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Viewpoints: Letters / Opinions

We Believe in Ferries

By Sidney Hartley


September 17, 2019
Tuesday AM

Since 1948, travelling by ferry has been a vital piece of Alaskan livelihood and, as such, a way for Alaskans to be connected to one another. In 1963, the Alaska Marine Highway System (AMHS) was born, providing Alaskans a link to our neighboring communities and Canada. There has been a saying in Alaska that, it’s a small world in big Alaska. That’s because, it’s hard to travel from one community to another in Alaska without running into someone we know, and sometimes even a relative. We’re all family here, and that unique piece of our home is largely due to our ferry system, connecting us to places and people that may not otherwise have a method of travel (especially from/to remote parts of Alaska). Additionally, the AMHS employs roughly 430 Alaskans, and provides transportation to nearly 350,000 passengers and 100,000 vehicles annually. 

With Alaskans facing the real possibility of losing the Prince Rupert port due to Governor Dunleavy’s budget cuts, 13,000 Alaskans lose a connection to Canada. Traditions, vacations, and family memories are being threatened to 13,000 Alaskans. This cut, as I see it, is an easy way out. This would be like going to the doctor with a broken arm, and resolving to just cut it off instead of mending the bone. To preserve our connections, we need to work harder at making solutions for the ferry system to stick around for future generations to utilize, and for special traditions to be passed down for years to come.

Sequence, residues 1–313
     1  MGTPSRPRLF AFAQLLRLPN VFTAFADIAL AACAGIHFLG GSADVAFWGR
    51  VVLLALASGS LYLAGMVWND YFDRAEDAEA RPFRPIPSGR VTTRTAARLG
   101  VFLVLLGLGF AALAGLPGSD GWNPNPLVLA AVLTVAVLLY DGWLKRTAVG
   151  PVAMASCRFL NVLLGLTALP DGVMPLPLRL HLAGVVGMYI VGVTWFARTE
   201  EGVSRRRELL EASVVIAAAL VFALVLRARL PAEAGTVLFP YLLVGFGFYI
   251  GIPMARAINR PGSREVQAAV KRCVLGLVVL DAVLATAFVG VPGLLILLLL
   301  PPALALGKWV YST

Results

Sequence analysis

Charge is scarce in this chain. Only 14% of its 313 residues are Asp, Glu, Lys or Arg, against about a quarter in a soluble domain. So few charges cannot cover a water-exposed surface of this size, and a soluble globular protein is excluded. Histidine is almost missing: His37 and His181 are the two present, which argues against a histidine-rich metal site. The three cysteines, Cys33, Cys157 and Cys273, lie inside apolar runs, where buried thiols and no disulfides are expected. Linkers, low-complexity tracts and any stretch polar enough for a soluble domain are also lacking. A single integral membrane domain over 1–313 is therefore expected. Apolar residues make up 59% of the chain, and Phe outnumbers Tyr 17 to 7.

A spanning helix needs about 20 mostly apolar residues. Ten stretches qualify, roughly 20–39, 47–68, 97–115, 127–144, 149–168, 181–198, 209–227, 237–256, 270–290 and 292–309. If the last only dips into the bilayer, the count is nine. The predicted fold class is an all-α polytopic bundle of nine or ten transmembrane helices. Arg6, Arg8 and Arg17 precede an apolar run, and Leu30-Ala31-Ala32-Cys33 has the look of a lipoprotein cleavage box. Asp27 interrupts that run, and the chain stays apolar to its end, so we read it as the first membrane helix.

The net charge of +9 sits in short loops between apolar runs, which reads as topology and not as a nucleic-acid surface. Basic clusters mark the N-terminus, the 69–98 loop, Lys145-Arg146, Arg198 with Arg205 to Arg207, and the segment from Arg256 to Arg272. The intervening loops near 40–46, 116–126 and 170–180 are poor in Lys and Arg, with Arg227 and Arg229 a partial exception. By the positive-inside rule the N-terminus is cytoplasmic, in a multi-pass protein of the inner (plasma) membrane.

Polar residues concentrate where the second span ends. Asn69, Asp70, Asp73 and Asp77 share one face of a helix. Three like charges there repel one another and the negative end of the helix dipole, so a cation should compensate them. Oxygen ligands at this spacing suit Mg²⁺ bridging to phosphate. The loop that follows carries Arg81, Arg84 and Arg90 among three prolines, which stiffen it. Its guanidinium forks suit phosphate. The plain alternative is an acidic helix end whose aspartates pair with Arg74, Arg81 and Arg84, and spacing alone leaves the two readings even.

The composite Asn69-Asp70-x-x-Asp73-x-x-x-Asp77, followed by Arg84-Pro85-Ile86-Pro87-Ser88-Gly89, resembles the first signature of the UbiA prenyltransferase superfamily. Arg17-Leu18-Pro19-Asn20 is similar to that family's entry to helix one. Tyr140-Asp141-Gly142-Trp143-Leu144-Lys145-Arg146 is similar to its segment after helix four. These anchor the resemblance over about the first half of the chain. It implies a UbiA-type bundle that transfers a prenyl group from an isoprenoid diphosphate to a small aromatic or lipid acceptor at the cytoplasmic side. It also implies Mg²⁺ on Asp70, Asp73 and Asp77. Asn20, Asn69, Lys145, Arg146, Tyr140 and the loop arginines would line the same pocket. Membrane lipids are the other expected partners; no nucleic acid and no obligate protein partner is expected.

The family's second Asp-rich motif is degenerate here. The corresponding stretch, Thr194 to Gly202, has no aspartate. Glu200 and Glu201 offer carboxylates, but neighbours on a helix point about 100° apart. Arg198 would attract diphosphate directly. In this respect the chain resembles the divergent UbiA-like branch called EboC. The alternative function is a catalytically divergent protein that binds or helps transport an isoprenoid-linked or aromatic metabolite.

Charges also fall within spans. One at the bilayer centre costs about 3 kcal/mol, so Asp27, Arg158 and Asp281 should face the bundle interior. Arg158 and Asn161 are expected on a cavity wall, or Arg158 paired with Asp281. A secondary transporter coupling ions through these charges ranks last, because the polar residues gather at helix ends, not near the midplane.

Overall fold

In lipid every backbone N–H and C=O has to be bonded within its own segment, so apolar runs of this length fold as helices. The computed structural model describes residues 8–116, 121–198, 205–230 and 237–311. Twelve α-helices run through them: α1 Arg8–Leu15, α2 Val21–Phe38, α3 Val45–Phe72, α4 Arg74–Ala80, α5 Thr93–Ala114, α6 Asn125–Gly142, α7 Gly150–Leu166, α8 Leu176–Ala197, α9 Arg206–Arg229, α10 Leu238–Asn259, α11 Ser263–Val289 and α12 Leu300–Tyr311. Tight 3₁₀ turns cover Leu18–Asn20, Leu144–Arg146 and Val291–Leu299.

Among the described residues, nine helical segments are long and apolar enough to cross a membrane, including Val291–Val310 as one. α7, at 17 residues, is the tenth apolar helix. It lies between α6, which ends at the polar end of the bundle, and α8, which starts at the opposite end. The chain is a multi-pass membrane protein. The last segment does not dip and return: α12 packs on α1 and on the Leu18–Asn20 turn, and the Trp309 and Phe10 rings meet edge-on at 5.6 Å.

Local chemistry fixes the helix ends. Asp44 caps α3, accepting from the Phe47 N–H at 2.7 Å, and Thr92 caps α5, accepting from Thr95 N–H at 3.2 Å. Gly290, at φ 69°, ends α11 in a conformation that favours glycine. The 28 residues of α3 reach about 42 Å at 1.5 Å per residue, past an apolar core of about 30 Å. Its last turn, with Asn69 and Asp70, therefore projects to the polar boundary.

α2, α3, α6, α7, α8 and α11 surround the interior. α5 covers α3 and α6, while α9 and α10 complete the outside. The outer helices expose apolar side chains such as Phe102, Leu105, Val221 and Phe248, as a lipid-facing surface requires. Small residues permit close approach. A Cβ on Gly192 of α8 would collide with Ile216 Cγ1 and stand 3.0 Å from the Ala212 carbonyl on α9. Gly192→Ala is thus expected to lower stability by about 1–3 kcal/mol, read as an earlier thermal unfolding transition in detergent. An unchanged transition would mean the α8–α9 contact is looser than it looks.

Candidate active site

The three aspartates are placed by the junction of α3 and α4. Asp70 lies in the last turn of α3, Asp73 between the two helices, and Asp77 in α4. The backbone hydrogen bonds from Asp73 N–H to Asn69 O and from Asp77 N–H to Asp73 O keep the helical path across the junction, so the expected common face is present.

To generate more revenue and increase ridership (to keep our connections for generations to come), we should be looking at reducing ticket prices. The AMHS ferry sticks to the schedule, and will run whether the vessel is at capacity or not. Why not fill the seats? Take travel price comparisons to Juneau for example. As it stands, it costs $138 for one adult travelling from Ketchikan to Juneau, and it takes 19 hours to get there. Taking a plane through Alaska Airlines, it costs $205 for one adult, and it takes 1-3 hours to get there, depending on whether you’re on the milk run or not. So, for just $67 more, you are saving yourself 16-18 hours of precious time. In order to make the ferry ride worth the 19-hour ride, ticket prices need to drop dramatically. Let’s cut prices, not services! When vendors see competitive pricing in their community for say, peanut butter, they lower the prices, they don’t just stop selling peanut butter. Let's not stop our services, let's engage in competitive pricing.

In closing, I would like to thank Rep. Dan Ortiz for fighting to keep the connection to Prince Rupert. Thank you for believing in ferries, as so many Alaskans do!

Sidney Hartley
Ketchikan, Alaska



Editor's Note:

The text of this letter was NOT edited by the SitNews Editor.


Received September 14, 2019 - Published September 17, 2019

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